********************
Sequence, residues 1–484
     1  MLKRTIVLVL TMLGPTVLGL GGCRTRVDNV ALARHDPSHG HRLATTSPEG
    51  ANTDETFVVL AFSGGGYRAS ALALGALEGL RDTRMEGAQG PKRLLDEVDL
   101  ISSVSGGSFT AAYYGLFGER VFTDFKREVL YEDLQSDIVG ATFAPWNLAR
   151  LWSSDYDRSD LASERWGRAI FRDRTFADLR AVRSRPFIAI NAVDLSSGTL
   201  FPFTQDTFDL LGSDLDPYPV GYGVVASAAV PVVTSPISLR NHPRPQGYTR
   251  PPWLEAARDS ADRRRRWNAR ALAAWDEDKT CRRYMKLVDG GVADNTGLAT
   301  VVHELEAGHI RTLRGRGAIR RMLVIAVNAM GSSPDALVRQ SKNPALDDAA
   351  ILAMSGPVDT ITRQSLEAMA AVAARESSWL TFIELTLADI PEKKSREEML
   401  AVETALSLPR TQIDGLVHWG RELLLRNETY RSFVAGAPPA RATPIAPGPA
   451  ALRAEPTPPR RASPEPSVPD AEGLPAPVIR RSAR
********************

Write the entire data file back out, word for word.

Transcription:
Sequence, residues 1–484
     1  MLKRTIVLVL TMLGPTVLGL GGCRTRVDNV ALARHDPSHG HRLATTSPEG
    51  ANTDETFVVL AFSGGGYRAS ALALGALEGL RDTRMEGAQG PKRLLDEVDL
   101  ISSVSGGSFT AAYYGLFGER VFTDFKREVL YEDLQSDIVG ATFAPWNLAR
   151  LWSSDYDRSD LASERWGRAI FRDRTFADLR AVRSRPFIAI NAVDLSSGTL
   201  FPFTQDTFDL LGSDLDPYPV GYGVVASAAV PVVTSPISLR NHPRPQGYTR
   251  PPWLEAARDS ADRRRRWNAR ALAAWDEDKT CRRYMKLVDG GVADNTGLAT
   301  VVHELEAGHI RTLRGRGAIR RMLVIAVNAM GSSPDALVRQ SKNPALDDAA
   351  ILAMSGPVDT ITRQSLEAMA AVAARESSWL TFIELTLADI PEKKSREEML
   401  AVETALSLPR TQIDGLVHWG RELLLRNETY RSFVAGAPPA RATPIAPGPA
   451  ALRAEPTPPR RASPEPSVPD AEGLPAPVIR RSAR